The Voidz
Originality100
Lyrical Content90
Longevity100
Overall Impact95
Reader Rating3 Votes72
96
Give it a chance and you’ll end up having a day-long conversation about ‘Virtue’, with your like-minded experimental rock fan buddies

It seems any attempt at experimentation on part of Julian Casablancas has previously been met with mixed opinion, a few interested chin-rubs balanced out by a lot of eye rolls. The neo-psychedelia of ‘Tyranny’, Casablancas’ first album as frontman with new side project Julian Casablancas + The Voidz, was attention-grabbing enough for the group to be labelled as something other than “not The Strokes”, but it only gave us a glimpse at how far Casablancas could take his talents, while intertwining them with batshit crazy musical motifs.

Dropping “Julian Casablancas” from the band name, sophomore release ‘Virtue’ is a team effort, with almost every song being credited to The Voidz. There’s a chance Casablancas realised the other members of his band have the potential to be creative nutcases in the same way he does, and ‘Virtue’ might actually be the eccentric’s wet dream – a garage punk record dressed as a psychedelic, new wave, noise pop, gothic, hypnagogic rock hybrid. This wasn’t supposed to work… but it does…

Put Strokes-esque tunes ‘Leave It In My Dreams’ and ‘Wink’ to one side and you’re left with a maniacal masterclass. Casablancas and friends constantly shake hands with Ariel Pink whilst winking at the likes of Beck, Mr. Bungle and worldbeat. ‘QYURRYUS’ is a strange, foreboding new wave tune that boasts both Arabic and krautrock influences, as Casablancas’ dictatorial vocal delivery vacantly bellows “I lost what’s mine”, while being poked and prodded by an autotuned falsetto line. ‘My Friend the Walls’ fuses ska second wave overtones with noisy hardcore punk, and just when you thought The Voidz had tried everything there is to try, penultimate track ‘We’re Where We Were’ keeps the party going with a bit of cyberpunk grime. Industrial punk is already explored heavily on the record up to this point, particularly on ‘Black Hole’, but ‘We’re Where We Were’, with its warning vocals, comparing the present day to 1939 Germany, is just so brave it needs to be highlighted.

‘Virtue’ is a great album for those struggling with their own musical identity. If you’re a multi-purpose musician, who goes from loving one thing to something completely different, to the point where you’ve no idea what kind of style you should be shooting for, the evil genius eccentricity of ‘Virtue’ has got you covered, proving being bold enough to try a vast amount of ideas at once can pay off beautifully.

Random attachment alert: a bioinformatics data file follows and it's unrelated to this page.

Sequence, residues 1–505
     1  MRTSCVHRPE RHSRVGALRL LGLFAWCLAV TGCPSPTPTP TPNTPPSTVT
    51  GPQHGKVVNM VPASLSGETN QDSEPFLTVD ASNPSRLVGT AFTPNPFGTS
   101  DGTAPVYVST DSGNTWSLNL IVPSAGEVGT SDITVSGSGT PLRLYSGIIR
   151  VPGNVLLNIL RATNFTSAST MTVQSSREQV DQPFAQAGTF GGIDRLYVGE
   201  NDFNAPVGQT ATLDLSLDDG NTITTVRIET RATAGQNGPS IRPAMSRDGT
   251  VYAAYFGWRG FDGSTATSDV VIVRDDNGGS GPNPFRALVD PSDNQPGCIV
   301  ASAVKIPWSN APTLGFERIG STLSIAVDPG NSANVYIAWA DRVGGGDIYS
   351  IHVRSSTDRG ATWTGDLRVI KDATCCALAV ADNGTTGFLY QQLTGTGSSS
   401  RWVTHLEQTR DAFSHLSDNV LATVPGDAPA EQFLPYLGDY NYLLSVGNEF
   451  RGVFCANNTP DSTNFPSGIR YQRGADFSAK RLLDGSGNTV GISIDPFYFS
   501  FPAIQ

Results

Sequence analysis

With or without its stylistic boldness, ‘Virtue’ still has a number of tracks that ooze compositional greatness. ‘Pyramid of Bones’ is a standout track, with a bombastic, howling hard rock chorus, making for a concise bit of songwriting. ‘One of the Ones’ too may go down as an overlooked gem, with crazy electricity and energy, and an astonishingly dramatic chorus, with Casablancas singing “I know, I know, I’ll never get you back”. Also dig the jittery chorus of ‘Lazy Boy’ and the overwhelming sadness of closing track ‘Pointlessness’.

Give it a chance and you’ll end up having a day-long conversation about ‘Virtue’, with your like-minded experimental rock fan buddies. There’s so much on offer, so much to sink your teeth into, and if it doesn’t end up getting the praise and attention it truly deserves, if it gets buried or obfuscated by the commercial world, just let ‘Permanent High School’ remind you – “just because something’s popular…don’t mean it’s good”.

‘Virtue’ is out now via RCA Records. The full track listing is as follows…

01. Leave It In My Dreams
02. QYURRYUS
03. Pyramid of Bones
04. Permanent High School
05. AlieNNatioN
06. One of the Ones
07. All Wordz Are Made Up
08. Think Before You Drink
09. Wink
10. My Friend the Walls
11. Pink Ocean
12. Black Hole
13. Lazy Boy
14. We’re Where We Were
15. Pointlessness

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